SIDS in babies: Reasons, risk factors and prevention

In a mysterious incident, the six kids of a family in Tirur had died within a span of 9 years. The police have initiated a probe into these deaths after the sixth child, a 93 day old baby died last week. However, the doctor who treated the kids says that there is nothing suspicious about the deaths. The doctors assume that the kids may have died due to a rare condition called the Sudden Infant Death Syndrome (SIDS).

SIDS is the unexplained death, usually during sleep, of a seemingly healthy baby who is less than a year old. It is also known as crib death as the infants often die in their crib while sleeping. Though the real cause of this condition is unknown, it might be associated with the defects in the part of the baby’s brain that controls breathing and arousal from sleep.

Even though there aren’t any 100% safe ways to prevent SIDS, there are measures to help protect your children from SIDS. The American Academy of Pediatrics, in 1992, had issued guidelines on ‘infant sleep position instruction and parental practice’. In 1994, the association began the ‘Back to Sleep’ campaign as well. As per the reports, there has been a 60% drop in the SIDS rate after adopting such initiatives by the American Academy of Pediatrics. Compared to the 154.5% in 1990, the rate of SIDS have significantly dropped to just 39.4% in 2015.


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A combination of physical, genetic and sleep environmental factors can make an infant vulnerable to SIDS. However, these factors may be varied in each child.

Brain defects

The part of the brain that controls the breathing and arousal from sleep may not function properly in infants who are born with brain defects. In cases of low birth weight, pre mature birth or being part of a multiple birth, the babies’ brain isn’t likely to be matured completely. So, he/she has less control over automatic processes such as breathing or heart rates.

Respiratory infections too could be a reason for SIDS. It has been reported that most kids who died of SIDS had recently had a cold which may have led to breathing difficulties or respiratory infections.

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Sleep environmental factors

The objects in a baby’s crib and his/her sleeping position can combine with their physical problems to increase the risk of SIDS. For instance, a baby sleeping on the tummy or on his side may have trouble breathing. Lying face down on a fluffy cot, soft mattress or a waterbed could block the baby’s airway. Though it is said that it is safer if a baby sleeps in the same room as his/her parents, the risk increases if the baby sleeps on the same bed with the parents, siblings or pets. Being too warm or wrapping the baby in 3 – 4 blankets or comforters too could increase the risk of SIDS.

Risk factors

Infants | New born | Baby | Representational image
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Though any baby could be struck by SIDS, the researchers have identified the factors that increase the risk.

Studies reveal that boys are more likely to die of SIDS than girls. While considering the 5% more male population, for every 2 girls 3.15 boys die of SIDS. The fraction of the male SIDS cases is 0.61.

Infants are most vulnerable to SIDS from the time of birth up to four months. The babies whose siblings or cousins have died of SIDS are at higher risk of getting struck by SIDS.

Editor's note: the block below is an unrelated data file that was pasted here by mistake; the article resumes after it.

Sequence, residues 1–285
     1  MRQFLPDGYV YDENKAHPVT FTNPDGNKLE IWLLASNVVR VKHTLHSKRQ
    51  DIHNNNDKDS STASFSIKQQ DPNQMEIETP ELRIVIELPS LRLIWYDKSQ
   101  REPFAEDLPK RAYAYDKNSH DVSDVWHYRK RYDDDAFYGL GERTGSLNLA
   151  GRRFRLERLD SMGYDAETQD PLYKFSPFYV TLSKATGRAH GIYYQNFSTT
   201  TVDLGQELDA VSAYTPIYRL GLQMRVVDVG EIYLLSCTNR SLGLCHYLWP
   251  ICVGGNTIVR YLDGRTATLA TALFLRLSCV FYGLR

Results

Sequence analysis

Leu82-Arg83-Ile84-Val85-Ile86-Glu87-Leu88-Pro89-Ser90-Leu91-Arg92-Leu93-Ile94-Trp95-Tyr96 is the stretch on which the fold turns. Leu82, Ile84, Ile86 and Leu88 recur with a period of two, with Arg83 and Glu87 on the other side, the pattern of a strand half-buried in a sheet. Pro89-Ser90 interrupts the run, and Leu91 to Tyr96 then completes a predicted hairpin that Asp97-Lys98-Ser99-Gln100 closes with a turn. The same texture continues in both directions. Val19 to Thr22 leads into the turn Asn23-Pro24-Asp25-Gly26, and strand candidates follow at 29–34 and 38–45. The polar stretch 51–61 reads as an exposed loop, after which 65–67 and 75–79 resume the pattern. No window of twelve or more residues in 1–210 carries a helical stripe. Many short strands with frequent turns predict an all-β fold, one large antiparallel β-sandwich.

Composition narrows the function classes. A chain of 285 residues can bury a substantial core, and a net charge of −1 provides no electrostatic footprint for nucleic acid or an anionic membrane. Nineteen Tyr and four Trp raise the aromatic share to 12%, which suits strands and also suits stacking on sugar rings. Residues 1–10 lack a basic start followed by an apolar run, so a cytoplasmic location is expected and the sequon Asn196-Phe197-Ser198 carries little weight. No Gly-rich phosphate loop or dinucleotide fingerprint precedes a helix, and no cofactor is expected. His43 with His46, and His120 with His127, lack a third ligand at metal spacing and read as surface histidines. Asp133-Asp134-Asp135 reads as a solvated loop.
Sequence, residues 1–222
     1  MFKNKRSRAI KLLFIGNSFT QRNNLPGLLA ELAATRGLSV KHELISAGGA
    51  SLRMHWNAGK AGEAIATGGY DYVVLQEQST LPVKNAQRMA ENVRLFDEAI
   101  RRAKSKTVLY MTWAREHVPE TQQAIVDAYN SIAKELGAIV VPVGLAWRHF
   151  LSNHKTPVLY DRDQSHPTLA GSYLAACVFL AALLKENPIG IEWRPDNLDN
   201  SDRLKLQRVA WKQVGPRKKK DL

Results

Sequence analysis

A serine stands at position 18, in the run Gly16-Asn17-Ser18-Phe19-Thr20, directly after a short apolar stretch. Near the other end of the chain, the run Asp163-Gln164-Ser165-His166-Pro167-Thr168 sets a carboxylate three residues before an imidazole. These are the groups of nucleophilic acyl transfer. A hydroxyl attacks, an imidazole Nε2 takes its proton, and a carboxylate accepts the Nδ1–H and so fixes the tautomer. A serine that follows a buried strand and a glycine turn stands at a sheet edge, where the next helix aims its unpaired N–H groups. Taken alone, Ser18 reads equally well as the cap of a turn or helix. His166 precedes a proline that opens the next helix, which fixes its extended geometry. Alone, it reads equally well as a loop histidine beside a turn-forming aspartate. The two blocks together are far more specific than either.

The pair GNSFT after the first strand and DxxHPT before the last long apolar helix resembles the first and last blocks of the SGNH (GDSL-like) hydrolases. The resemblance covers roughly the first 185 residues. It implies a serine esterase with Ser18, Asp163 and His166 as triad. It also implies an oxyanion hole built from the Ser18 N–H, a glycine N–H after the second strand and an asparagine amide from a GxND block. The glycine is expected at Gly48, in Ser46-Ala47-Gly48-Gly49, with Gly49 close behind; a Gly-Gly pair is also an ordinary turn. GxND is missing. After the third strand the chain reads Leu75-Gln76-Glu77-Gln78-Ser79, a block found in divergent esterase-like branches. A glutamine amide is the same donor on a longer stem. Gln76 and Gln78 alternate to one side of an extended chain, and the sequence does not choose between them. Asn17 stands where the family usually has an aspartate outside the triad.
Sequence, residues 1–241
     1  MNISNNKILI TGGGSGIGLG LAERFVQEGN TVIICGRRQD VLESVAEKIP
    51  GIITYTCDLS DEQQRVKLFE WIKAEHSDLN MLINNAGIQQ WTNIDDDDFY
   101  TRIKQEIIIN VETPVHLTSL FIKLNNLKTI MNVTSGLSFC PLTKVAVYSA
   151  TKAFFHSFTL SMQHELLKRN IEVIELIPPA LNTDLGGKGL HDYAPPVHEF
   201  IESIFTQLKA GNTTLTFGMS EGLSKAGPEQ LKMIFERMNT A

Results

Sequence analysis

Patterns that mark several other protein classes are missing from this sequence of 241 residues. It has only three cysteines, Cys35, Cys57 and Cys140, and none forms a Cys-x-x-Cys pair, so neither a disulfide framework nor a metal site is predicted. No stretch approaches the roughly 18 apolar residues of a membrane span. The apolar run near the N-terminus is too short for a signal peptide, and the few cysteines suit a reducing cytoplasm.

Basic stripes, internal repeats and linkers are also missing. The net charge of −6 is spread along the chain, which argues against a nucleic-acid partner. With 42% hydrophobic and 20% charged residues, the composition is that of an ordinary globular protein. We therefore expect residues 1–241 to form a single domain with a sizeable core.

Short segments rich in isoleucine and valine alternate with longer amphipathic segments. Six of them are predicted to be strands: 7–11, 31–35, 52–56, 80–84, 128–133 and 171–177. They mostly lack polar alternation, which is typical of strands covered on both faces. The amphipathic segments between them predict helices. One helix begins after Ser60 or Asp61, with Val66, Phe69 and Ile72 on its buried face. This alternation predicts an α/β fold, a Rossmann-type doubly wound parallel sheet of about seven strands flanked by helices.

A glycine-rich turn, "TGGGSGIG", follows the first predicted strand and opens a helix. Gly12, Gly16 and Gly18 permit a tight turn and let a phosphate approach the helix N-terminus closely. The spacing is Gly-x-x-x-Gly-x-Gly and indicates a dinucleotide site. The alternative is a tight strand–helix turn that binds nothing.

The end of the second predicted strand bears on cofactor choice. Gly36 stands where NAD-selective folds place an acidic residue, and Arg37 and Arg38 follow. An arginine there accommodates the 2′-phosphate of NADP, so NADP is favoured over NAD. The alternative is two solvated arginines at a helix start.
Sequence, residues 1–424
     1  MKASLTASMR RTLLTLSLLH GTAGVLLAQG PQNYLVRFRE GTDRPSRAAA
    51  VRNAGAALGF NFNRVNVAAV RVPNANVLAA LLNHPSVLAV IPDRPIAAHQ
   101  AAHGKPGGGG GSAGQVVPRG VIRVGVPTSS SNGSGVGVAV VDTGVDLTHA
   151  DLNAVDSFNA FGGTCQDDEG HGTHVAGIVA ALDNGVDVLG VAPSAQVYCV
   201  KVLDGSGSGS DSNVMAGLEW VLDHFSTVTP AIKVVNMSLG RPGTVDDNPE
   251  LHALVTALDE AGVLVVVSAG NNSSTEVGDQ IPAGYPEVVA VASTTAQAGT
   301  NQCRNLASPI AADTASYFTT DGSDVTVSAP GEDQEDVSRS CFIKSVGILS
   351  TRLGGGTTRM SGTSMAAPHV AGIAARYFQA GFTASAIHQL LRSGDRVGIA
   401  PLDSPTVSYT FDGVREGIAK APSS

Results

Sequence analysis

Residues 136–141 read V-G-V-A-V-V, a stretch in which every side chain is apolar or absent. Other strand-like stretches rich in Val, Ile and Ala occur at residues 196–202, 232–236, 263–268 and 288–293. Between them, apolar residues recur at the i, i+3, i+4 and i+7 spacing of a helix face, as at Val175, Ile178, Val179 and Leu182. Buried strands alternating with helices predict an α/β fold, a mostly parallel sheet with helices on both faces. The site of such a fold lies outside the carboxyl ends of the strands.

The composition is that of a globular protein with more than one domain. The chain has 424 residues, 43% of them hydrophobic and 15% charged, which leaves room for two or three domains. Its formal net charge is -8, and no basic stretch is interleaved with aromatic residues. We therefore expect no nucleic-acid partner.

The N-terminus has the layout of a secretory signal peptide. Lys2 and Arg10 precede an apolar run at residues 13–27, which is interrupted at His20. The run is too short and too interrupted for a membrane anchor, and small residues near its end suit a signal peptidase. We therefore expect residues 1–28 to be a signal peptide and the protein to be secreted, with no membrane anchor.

Babies living with people who smoke too may die of SIDS. Premature babies have higher risk of SIDS.

The babies of mothers who are younger than 20 years, smoke cigarettes, use drugs or alcohol or had inadequate prenatal care are at high risk of SIDS.


There are no 100% safer ways to prevent SIDS. However, here are some instructions that could help your babies sleep better in safe conditions.

Do not let your baby sleep on his/her tummy or on their side. Let the baby sleep with the parents at least for the first year. Try to use cribs as less as possible. Do not use fluffier cots or soft mattresses in the baby’s crib. It is safer to use a firm mattress.

Baby’s airway may get blocked if he /she sleep face down on a softer pillow or even a soft toy. This may cause breathing difficulties or the air that is inhaled could be contaminated with more CO2 particles.

Adult beds aren’t safe for babies. The baby could get trapped and suffocate between the headboard slats, the space between the mattress and the bed frame or the gap between the mattress and the wall. The child could get suffocated if a parent, in their sleep, accidently rolls over and cover the baby’s mouth and nose.

The baby could get suffocated if the mother breastfeeds the child while lying down. Meanwhile, the chances of SIDS get lower if the baby is breastfed for at least 6 months.

Do not use any baby monitors or other commercial products that claim to reduce the risk of SIDS. The American Academy of Pediatrics discourages the use of baby monitors or similar devices because of its ineffectiveness. They also point out safety issues with such devices.

Some studies suggest that immunizing the baby may lower the risk of SIDS. So, the parents should make sure that their babies are vaccinated at the right time. Compared with the babies who have no immunity, the chances of SIDS are 50% less in babies who are immunized.

Do not smoke cigarettes when there is a baby nearby.

You could offer a pacifier for the baby if the conditions safer.

Do not feed honey to infants who are less than a year old. Honey could cause a condition called botulism in babies. Botulism and the bacteria causing it may be associated with SIDS. Do not hesitate to consult a doctor or contact the health officials if the baby displays any discomfort or illness. 

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